This question can be thought as a complement to this one.

Lie groups can be defined as groups internal to the category of smooth manifolds. Lie monoids, however, as a particular case of Lie semigroups, seem to deserve a much more complicated definition (see, for instance, 'Lie semigroups and their applications', by Hilgert and Neeb, section 1.4).

Briefly, these are thought as closed subsemigroups of Lie groups, satisfying an extra property. This property, on its turn, is related to the infinitesimal counterpart of the notion of Lie semigroup (in the above reference, the notion of 'Lie wedge', whose definition, consequently, must precede that of a Lie semigroup).

What kind of difficulties appear if one tries to define a Lie monoid simply as a monoid internal to the category of smooth manifolds (or some related category)?

A LITTLE BIT OR FURTHER DISCUSSION

Lie groupoids, on their turn, can be defined as groupoids internal to the category of smooth manifolds. Is there an analogous notion of 'Lie category', in which morphisms are allowed not to be isomorphisms? Of course, the same question holds for its infinitesimal counterpart.

I tried to find some reference dealing with such a notion, but couldn't. Though, it seems to be a reasonable one to consider even within the realm of Lie groupoid theory. For example, if one wants to allow distinct objects to have distinct automorphism groups, but still be connected by morphisms, this notion seems to be a necessary step.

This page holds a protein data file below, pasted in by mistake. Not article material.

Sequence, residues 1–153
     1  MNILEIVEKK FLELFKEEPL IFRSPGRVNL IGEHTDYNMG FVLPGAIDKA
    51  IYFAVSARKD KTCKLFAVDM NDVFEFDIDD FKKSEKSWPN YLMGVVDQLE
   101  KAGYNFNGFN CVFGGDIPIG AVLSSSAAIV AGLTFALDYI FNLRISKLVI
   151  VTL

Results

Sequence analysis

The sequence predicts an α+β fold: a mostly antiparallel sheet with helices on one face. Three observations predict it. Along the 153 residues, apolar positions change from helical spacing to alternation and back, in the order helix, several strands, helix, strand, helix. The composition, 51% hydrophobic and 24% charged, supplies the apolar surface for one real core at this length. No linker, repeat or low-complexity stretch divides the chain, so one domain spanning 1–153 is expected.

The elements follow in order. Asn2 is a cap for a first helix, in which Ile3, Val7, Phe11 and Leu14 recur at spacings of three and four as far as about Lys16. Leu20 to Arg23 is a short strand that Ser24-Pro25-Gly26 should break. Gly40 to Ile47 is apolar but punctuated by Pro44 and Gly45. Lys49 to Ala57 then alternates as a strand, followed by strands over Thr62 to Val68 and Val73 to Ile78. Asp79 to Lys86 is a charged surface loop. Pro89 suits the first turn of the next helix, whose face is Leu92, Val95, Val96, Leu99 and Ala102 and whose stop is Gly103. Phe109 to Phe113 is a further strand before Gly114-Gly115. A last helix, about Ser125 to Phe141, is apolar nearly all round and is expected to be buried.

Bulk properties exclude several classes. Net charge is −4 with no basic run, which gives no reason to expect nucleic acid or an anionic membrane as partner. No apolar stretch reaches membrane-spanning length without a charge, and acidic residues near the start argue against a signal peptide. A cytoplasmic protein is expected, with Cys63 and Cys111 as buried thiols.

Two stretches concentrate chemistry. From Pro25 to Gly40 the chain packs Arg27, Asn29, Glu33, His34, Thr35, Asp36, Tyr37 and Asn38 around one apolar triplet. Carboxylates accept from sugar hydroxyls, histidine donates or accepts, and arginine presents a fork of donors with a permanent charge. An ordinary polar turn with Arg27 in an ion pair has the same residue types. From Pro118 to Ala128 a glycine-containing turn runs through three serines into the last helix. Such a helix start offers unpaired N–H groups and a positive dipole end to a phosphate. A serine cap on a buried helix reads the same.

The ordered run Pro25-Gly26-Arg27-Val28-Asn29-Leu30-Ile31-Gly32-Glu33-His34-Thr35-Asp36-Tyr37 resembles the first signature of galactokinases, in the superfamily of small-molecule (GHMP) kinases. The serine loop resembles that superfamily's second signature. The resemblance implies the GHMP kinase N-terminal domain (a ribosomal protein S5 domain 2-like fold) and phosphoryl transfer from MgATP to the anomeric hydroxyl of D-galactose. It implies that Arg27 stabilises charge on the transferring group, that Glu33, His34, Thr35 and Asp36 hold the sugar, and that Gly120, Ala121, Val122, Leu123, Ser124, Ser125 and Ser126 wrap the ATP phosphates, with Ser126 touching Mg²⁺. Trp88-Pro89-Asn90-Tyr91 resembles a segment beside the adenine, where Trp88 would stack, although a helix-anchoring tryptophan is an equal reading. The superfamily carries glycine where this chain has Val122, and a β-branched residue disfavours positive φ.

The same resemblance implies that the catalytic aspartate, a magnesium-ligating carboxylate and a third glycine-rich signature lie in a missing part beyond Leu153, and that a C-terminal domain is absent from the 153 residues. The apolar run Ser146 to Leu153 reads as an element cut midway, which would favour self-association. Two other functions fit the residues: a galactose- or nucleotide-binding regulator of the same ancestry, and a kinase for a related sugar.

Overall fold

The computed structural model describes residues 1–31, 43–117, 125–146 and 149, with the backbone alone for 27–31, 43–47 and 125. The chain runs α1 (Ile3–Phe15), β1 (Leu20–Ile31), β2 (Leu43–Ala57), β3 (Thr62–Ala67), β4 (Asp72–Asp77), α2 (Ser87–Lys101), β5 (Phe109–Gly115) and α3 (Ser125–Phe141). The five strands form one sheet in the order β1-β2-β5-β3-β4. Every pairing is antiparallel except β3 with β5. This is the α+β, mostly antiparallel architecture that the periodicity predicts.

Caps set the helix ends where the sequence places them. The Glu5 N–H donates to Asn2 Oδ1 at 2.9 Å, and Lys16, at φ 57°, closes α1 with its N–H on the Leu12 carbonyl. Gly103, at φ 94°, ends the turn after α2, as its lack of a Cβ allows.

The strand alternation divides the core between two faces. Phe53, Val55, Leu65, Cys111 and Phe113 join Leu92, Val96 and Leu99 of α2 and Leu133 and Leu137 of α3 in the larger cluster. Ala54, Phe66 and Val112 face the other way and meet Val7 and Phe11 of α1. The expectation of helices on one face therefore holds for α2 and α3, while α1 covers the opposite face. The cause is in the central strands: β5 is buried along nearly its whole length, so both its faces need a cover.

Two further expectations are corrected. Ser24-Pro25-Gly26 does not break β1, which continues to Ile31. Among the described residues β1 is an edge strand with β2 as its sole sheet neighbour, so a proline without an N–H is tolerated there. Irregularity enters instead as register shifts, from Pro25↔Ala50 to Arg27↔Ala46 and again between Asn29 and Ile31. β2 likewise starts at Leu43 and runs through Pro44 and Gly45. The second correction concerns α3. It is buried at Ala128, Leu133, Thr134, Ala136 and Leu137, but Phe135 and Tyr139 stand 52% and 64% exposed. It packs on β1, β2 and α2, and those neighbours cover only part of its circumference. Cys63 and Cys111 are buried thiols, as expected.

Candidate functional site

In particular, that's the case if one wants to allow morphisms between distinct objects to be not only isomorphisms between their automorphism groups, but also covering maps between them. I can't think right now of a concrete example coming, say, from Physics, but it sounds possible that the 'internal symmetries' of a system might 'collapse' in this particular way.

Besides that, exactly as Lie groupoids can be considered as natural generalizations of Lie groups (even if this shouldn't be considered the most appropriate point of view, for many reasons...), the 'Lie categories' would be natural generalizations of Lie monoids. Indeed, a 'Lie category' with one object would amount precisely to a Lie monoid.

Any references will be appreciated.